Happy Rabbit (simply known as: Prototype-Bugs Bunny, Prototype-Bugs, or simply just Proto-Bugs) is a character from the Looney Tunes and Merrie Melodies series who later evolved into the Warner Bros. cartoon studio's most famous character, Bugs Bunny. Created by Ben Hardaway in 1938, Happy Rabbit first appeared in the short Porky's Hare Hunt.
Happy Rabbit is more like Bugs Bunny in this short, except he has apricot-colored gloves and mouth, furrier tail, black nose, black-tipped ears, and a different voice. Happy's voice sounds "rural", and at times sounds rather like Daffy Duck's early voice. The laugh at the end of the cartoon, "Heh-heh-heh-HEH-heh!", is similar to the early version of Woody Woodpecker.
Like most of the other Looney Tunes characters, Happy Rabbit was voiced by Mel Blanc and later Joe Alaskey. No one remembered the name of the Bugs Bunny prototype until Blanc spoke of Bugs' origins in a 1970s interview.
Happy Rabbit made his screen debut in the 1938 Looney Tunes cartoon Porky's Hare Hunt, directed by Ben Hardaway. Similar in tone and execution to the previous year's Porky's Duck Hunt, which introduced Daffy Duck, Porky's Hare Hunt involves Porky hunting a white rabbit whose wild antics drive him mad. Mel Blanc would later use his "Happy Rabbit" voice characterization as the voice of Walter Lantz's Woody Woodpecker. Charles Jones used Happy Rabbit as a foil in his 1939 short, Prest-O Change-O, which marked the rabbit's second appearance. Happy was the focal point of his fourth cartoon, Hare-um Scare-um (1939), for which he was redesigned as a gray rabbit with large buck teeth. Happy Rabbit made his sixth appearance in Elmer's Candid Camera (1940), a cartoon which marked the first appearance of the "official" version of Elmer J. Fudd. The cartoon set into play the antagonistic relationship that would develop between Elmer and Happy's successor, Bugs Bunny, over the years. Throughout Elmer's Candid Camera, Happy Rabbit is very similar in appearance and personality to Bugs; the only major differences between the two were that Happy had apricot-colored gloves and muzzle, a furrier tail, a black nose, black-tipped ears, and a different voice. Happy appeared one last time with a cameo role in 1940's Patient Porky. The same year, Tex Avery directed A Wild Hare, a cartoon featuring Elmer Fudd hunting a rabbit, he had Happy Rabbit redesigned and revised with a new personality and even a different voice. The resulting rabbit character was given a new name - Bugs Bunny - in Chuck Jones' 1941 follow-up to A Wild Hare, Elmer's Pet Rabbit.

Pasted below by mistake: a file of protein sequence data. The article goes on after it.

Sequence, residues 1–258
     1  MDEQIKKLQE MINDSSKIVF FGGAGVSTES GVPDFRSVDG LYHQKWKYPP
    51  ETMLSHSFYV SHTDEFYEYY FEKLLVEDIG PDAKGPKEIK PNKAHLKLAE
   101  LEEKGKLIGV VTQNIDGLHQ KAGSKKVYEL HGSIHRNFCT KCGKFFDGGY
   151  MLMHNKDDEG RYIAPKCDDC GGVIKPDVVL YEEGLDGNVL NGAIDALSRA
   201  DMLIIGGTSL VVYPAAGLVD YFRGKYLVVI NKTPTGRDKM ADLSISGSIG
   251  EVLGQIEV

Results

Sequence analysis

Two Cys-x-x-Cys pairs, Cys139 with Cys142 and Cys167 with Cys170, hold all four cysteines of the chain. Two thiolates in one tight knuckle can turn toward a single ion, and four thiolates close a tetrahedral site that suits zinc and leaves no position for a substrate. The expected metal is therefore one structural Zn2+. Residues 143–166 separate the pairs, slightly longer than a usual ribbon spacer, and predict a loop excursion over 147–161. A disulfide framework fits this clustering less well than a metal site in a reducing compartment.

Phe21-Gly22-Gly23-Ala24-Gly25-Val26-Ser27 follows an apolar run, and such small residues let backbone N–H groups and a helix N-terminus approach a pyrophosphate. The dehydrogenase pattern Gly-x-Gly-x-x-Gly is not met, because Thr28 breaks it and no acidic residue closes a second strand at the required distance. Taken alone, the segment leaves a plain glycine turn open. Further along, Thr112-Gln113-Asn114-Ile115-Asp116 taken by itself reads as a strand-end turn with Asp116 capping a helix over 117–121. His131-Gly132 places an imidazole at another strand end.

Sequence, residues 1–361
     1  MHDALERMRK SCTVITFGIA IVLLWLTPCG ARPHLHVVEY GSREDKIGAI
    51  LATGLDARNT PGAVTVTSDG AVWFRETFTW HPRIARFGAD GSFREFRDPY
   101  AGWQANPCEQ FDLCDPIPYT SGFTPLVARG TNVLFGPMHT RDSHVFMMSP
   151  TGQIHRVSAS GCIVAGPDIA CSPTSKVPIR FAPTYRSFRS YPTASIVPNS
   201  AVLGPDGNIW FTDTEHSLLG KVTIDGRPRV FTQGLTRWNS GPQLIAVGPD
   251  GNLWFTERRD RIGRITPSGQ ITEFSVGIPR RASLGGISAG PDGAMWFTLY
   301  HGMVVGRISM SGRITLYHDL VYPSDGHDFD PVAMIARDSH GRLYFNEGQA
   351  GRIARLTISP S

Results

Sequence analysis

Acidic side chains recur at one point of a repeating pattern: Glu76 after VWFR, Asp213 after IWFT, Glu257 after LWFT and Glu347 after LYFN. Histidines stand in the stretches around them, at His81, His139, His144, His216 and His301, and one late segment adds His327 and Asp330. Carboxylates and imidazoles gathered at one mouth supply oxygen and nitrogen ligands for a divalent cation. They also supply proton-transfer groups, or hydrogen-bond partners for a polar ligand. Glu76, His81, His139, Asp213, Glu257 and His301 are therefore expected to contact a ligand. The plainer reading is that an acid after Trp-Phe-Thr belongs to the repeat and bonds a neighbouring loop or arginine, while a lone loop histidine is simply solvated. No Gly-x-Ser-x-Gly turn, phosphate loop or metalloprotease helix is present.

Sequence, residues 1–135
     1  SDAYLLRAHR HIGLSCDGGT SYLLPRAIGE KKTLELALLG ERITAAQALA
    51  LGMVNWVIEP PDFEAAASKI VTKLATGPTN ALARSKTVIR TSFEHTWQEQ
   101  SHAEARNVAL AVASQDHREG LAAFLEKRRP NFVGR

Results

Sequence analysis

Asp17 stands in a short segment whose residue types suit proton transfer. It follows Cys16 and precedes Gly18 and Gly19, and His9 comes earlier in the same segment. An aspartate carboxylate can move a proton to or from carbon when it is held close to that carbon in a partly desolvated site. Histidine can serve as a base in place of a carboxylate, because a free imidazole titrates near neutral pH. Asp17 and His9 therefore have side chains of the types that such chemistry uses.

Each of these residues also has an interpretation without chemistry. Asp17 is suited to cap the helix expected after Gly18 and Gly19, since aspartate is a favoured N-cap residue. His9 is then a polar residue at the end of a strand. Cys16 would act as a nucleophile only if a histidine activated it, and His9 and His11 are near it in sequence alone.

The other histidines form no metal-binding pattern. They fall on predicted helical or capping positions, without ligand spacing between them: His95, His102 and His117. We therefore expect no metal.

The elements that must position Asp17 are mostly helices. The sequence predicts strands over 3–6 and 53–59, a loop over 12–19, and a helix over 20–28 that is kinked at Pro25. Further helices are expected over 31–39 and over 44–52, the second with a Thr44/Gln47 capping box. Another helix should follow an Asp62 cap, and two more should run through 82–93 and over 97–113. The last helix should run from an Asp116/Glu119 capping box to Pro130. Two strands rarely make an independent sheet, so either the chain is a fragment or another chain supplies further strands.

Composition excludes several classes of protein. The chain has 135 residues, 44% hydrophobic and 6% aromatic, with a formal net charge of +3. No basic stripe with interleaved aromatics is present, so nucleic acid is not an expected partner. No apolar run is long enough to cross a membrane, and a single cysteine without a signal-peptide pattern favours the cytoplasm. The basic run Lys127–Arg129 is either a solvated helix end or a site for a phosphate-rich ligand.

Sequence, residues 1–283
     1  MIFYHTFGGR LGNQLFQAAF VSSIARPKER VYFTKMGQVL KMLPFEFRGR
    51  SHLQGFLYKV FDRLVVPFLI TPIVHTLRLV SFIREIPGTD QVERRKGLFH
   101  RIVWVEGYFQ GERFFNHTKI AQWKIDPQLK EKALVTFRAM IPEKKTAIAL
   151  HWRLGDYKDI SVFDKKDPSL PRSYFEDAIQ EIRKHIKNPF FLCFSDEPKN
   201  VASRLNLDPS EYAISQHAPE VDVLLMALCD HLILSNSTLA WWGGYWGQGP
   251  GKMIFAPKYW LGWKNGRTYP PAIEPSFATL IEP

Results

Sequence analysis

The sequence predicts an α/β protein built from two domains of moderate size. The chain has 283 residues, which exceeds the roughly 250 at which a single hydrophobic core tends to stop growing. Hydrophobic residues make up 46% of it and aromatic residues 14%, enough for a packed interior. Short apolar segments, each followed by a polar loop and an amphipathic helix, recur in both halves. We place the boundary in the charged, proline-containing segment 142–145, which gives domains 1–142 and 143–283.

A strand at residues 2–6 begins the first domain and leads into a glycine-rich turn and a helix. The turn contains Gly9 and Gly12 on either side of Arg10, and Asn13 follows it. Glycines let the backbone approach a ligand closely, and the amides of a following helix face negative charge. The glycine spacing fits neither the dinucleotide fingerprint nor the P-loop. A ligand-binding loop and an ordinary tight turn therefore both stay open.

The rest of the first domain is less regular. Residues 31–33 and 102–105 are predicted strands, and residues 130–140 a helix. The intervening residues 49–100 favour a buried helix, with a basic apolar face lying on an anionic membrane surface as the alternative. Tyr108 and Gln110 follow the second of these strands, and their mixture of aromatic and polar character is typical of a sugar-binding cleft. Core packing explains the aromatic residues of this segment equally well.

Happy Rabbit appeared in the deleted scenes of the 2003 film Looney Tunes: Back in Action.
Happy Rabbit Wasn't in the other versions of The looney tunes Series